House GOP frustrated by pace of budget talks

DFL Gov. Mark Dayton and top legislative leaders have another round of closed-door budget talks planned Tuesday afternoon, with hopes of making some progress toward a deal.

With less than a week left in the 2015 session, House Speaker Kurt Daudt, R-Crown, expressed frustration with the pace of negotiations Tuesday morning. He wants more meetings and more willingness from Democrats to compromise on issues like transportation funding and taxes.

“If we don’t see some real movement today, I guess I’m going to have to draw a conclusion that they don’t want to get their work done on time, and that they somehow think that that gives them some upper hand or advantage,” Daudt said. “The bottom line is my caucus isn’t voting for a gas tax.”

One potential complication Tuesday night is Dayton’s scheduled appearance at an organizing event in Minneapolis for the Hillary Clinton presidential campaign. A spokesman said the event is still on the schedule, but the governor’s attendance will depend on the budget talks.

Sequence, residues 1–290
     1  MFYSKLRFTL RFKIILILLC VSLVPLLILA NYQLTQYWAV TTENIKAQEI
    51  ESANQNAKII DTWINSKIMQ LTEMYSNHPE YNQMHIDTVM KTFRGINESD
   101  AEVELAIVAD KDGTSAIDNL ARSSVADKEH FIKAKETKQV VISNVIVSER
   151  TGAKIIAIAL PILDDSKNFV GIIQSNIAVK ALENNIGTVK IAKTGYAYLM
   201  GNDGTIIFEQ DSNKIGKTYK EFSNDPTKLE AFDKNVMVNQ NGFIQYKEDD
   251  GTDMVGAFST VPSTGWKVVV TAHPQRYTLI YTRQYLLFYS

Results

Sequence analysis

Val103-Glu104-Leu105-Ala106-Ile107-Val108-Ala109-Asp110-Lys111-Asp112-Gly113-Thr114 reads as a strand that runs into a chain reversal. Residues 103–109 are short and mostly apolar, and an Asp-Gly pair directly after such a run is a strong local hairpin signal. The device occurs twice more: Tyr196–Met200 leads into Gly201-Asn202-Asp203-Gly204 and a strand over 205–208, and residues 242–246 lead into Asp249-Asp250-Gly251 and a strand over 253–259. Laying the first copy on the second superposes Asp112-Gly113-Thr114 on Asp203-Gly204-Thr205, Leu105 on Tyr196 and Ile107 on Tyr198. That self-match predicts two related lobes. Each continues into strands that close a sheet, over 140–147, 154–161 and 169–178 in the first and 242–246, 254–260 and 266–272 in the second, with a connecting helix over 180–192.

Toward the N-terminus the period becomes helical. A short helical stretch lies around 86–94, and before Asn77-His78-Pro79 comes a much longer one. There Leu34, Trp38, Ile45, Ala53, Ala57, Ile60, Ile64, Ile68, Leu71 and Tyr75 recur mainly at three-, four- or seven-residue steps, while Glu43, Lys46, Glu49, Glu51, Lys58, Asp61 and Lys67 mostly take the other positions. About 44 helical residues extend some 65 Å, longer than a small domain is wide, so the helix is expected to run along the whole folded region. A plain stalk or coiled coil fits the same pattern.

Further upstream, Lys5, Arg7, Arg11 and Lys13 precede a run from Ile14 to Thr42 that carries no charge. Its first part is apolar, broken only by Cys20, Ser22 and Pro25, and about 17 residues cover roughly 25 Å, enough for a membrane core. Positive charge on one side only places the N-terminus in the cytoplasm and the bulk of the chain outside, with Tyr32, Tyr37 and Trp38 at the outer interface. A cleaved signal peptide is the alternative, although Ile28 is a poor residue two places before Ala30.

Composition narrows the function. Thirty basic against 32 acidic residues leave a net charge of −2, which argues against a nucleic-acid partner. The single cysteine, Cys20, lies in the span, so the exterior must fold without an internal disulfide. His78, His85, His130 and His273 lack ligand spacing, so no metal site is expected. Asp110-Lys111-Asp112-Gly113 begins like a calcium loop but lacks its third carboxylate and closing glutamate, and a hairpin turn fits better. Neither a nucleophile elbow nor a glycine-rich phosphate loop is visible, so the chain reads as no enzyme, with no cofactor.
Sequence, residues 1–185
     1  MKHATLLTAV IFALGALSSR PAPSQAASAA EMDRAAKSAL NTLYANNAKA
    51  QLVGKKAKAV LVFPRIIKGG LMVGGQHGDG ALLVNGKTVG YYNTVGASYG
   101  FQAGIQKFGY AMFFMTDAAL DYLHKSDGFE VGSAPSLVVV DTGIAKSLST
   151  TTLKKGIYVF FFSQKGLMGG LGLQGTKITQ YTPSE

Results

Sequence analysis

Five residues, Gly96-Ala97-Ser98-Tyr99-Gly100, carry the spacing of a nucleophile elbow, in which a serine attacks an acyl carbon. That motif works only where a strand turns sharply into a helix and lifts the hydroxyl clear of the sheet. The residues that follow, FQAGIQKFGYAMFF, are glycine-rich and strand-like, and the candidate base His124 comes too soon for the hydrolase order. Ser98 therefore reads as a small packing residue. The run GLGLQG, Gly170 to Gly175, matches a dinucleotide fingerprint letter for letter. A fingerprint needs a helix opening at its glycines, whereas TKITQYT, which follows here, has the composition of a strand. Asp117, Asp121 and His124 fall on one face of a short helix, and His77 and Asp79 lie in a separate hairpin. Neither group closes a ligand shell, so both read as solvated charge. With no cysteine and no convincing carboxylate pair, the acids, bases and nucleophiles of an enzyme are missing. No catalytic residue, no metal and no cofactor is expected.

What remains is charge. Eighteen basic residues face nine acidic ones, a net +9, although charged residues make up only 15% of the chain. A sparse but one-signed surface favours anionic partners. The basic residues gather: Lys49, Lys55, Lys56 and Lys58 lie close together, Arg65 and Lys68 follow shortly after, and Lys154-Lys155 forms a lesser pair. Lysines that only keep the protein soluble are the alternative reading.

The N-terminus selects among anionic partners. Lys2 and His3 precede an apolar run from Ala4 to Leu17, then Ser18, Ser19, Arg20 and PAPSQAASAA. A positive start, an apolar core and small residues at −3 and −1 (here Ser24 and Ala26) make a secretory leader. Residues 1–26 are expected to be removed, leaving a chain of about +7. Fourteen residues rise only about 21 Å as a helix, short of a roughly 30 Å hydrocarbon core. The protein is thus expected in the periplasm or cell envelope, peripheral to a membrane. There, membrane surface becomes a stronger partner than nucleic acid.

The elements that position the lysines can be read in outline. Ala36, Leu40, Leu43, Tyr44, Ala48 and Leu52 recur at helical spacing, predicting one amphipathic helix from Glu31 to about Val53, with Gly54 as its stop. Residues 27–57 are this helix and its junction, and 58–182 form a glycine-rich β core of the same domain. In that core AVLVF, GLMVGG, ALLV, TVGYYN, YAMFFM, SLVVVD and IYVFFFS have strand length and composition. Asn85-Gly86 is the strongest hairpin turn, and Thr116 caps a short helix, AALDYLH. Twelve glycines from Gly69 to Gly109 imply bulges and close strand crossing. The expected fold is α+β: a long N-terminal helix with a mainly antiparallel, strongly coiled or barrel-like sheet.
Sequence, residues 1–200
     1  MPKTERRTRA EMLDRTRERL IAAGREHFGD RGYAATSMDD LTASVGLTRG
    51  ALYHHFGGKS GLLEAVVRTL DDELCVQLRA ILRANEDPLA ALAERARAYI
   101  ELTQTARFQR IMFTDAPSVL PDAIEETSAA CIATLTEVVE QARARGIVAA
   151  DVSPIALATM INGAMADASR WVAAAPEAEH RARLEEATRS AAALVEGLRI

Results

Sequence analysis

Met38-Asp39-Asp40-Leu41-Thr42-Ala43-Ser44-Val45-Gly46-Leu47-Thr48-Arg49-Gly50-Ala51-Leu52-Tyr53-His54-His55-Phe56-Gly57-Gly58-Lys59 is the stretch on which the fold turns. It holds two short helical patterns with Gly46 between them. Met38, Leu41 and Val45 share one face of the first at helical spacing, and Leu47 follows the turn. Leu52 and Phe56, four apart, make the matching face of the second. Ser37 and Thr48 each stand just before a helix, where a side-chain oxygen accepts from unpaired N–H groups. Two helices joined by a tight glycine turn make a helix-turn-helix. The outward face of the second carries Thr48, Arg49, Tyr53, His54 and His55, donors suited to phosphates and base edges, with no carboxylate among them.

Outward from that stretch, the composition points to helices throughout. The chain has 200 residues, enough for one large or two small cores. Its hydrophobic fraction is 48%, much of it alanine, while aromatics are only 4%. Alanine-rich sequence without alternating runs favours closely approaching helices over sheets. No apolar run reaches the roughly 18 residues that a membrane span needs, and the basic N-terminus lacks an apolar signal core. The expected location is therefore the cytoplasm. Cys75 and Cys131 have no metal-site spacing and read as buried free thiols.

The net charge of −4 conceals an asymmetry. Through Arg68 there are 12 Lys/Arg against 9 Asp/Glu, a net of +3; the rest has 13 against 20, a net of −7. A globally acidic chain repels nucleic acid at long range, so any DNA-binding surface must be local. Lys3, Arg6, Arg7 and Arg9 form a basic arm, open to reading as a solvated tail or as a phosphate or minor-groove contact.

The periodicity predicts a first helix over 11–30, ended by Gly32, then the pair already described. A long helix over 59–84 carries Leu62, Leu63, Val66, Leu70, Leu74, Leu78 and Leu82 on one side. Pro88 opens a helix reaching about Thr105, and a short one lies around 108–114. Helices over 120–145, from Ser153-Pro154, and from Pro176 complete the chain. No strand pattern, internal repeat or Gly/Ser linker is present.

Daudt said he expects Dayton to remain at the negotiation table.

“I would assume that he has enough common sense to know that the business of the state of Minnesota is much more important than some political obligation. I certainly wouldn’t leave negotiations to go to some political event, nor should he.”

But Senate Majority Leader Tom Bakk, DFL-Cook, said Dayton doesn’t have to sit through every negotiation session. He said he’s never seen any governor do that.

“The governor is not going to be engaged 24/7,” Bakk said. “He’s going to come in and close the deal. That’s how it’s always worked, and that’s how it’s going to work this time.”

On the status of negotiations, Bakk said it will up to House Republicans to decide whether a budget deal is reached on time. He said they have to give up their plan to dismantle the health care program known as MinnesotaCare.

Bakk said he also wants Republicans to give up on the idea of passing a transportation bill or a tax bill.

“I think they’re both dead. They’re not must-pass bills," he said. "It’s Tuesday, we have to start focusing on the bills that have to pass.”

House and Senate negotiators have big disagreements to resolve in the “must-pass” spending bills, including health and human services, education and state government finance.

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